How to Bait Coyotes
Hunting coyotes is tough when you don't know how to bait a coyote properly
If you think about it, predator hunting is a strange thing to want to do. The hours are terrible. The hunting is tough. Not tough like Chuck Norris or a $3 steak, but tough like trying to understand quantum mechanics or locate the Holy Grail.
After hours of fruitless wailing on a wounded rabbit call, years of bumbling around the winter woods after midnight and coming up empty, it’s only natural to believe there’s some magic formula–some missing bit of super-secret insight–that can transform an average hunter into a predator-calling master. But as the following experts will tell you, consistent success in hunting any predator species comes less from what kind of call or cover scent you use than from a few simple rules and a handful of basic setups that will skew the odds in your favor.
There is no guarantee of success when hunting coyotes – even when you know how to bait coyotes better than anyone else. Most coyote hunting is done after deer season, when every creature in the woods is on edge. Coyotes already live life on a hair trigger. After a typical firearms season, they hit DEFCON One and can become so skittish in some parts of America–especially the East–that you need more luck than skill to dupe one with a predator call. Brian Downs of Cape Cod, Massachusetts, says that now is the time to break out the “baitcicle.”
An Offer They Can’t Refuse
Be sure to check the regulations in your state, but for the most part, anywhere biologists value the deer herd, baiting for coyotes is perfectly legal.
“It’s like that movie: If you build it, they will come,” says Downs, who’s been successfully baiting coyotes for more than a decade. He’s written about it, offers seminars on how to do it and often talks about baiting coyotes on his online talkcast (predatortalkcast.com).
In Field of Dreams, Kevin Costner builds a baseball field to draw old ball players to his Iowa farm. Downs makes frozen deer-meat bait piles–baitcicles–and practices what he calls “pressure baiting.”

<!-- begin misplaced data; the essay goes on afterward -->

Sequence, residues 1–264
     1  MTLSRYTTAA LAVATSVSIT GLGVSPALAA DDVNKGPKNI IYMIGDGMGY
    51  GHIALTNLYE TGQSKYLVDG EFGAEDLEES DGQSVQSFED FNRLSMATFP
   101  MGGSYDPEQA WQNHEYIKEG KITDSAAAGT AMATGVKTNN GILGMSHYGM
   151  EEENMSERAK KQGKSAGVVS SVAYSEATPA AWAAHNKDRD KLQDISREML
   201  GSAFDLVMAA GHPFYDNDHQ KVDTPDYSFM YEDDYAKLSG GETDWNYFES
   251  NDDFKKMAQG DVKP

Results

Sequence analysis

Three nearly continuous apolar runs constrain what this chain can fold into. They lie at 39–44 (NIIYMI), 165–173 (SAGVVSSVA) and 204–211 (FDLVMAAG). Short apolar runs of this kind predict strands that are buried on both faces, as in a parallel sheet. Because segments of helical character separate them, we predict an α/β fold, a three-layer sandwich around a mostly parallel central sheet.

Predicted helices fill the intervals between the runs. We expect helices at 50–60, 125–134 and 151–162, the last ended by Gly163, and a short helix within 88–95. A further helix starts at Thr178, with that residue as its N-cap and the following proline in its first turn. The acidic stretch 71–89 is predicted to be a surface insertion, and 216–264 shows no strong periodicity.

Most hunters who hunt coyotes over bait do so under a full moon. They wait for a good blanket of snow and suffer through bitter midnight temperatures. By pressure baiting, however, Downs shoots 90 percent of his coyotes in the two hours before dark, just before the temperature plummets.
“For bait, I pack venison scraps into five-gallon buckets, top them off with water and freeze them,” Downs says. Deer processors around his Massachusetts home provide Downs with hundreds of pounds of free meat scraps and bones otherwise bound for the landfill.
According to Downs, who maintains up to 16 bait sites from December through March, successful baiting for coyotes is much like baiting for bears.
It takes a lot of bait and daily visits to a site to not only build the coyotes’ confidence, but also spark a sort of Pavlovian response in them to your comings and goings.
“I don’t care about my scent when I’m putting out bait. I wear the same boots and gloves and run my baits at the same time every day,” explains Downs.
“I want them to associate the smell of my boots with dinner. But each time I visit a site, I put out a little less and a little less, until I’m putting out a softball-size piece of bait. That’s pressure baiting. In the dead of winter, when food is scarce, it makes the coyotes who want to eat come earlier and earlier to the bait site.”
In a basic setup, you place the bait as close to the coyotes’ bedding area as possible–in the open, but just five steps from cover (A). Downs likes to position himself in an elevated tree stand or a ground blind no less than 75 yards downwind from the bait (B). This keeps him a safe distance away should a cautious coyote choose to circle downwind before committing to the bait.
“They can’t resist bait,” says Downs. “Once they’re conditioned to taking bait, I’ve even found that sometimes they’ll totally give up the wind to come in to it (C). But I’ve found they actually prefer sticking to cover rather than using the wind (D).”
Downs uses this chink in the coyotes’ sensory armor when playing the wind is impossible. Again, by pressure baiting you make all the coyotes in the area feel a need to beat the competition to the bait site first thing in the evening. In places where the cover is great but the prevailing wind is not, place the bait close to the coyotes’ bedding area, but on a brushy point or corridor that offers a direct route to the bait and dense cover for their approach (E).